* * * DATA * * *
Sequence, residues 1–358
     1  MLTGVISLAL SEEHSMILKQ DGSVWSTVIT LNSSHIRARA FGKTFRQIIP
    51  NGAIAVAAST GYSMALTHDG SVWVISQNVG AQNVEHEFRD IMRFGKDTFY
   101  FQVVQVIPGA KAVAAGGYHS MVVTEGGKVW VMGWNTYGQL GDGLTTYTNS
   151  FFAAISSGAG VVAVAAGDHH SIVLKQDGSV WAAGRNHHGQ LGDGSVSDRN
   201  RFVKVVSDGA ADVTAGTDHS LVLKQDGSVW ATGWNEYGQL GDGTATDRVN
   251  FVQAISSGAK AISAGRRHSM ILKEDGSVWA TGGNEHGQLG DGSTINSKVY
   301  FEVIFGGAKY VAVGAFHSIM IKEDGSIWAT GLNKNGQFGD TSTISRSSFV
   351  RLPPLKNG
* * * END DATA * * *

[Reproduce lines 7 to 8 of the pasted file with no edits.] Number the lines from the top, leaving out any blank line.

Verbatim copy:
   251  FVQAISSGAK AISAGRRHSM ILKEDGSVWA TGGNEHGQLG DGSTINSKVY
   301  FEVIFGGAKY VAVGAFHSIM IKEDGSIWAT GLNKNGQFGD TSTISRSSFV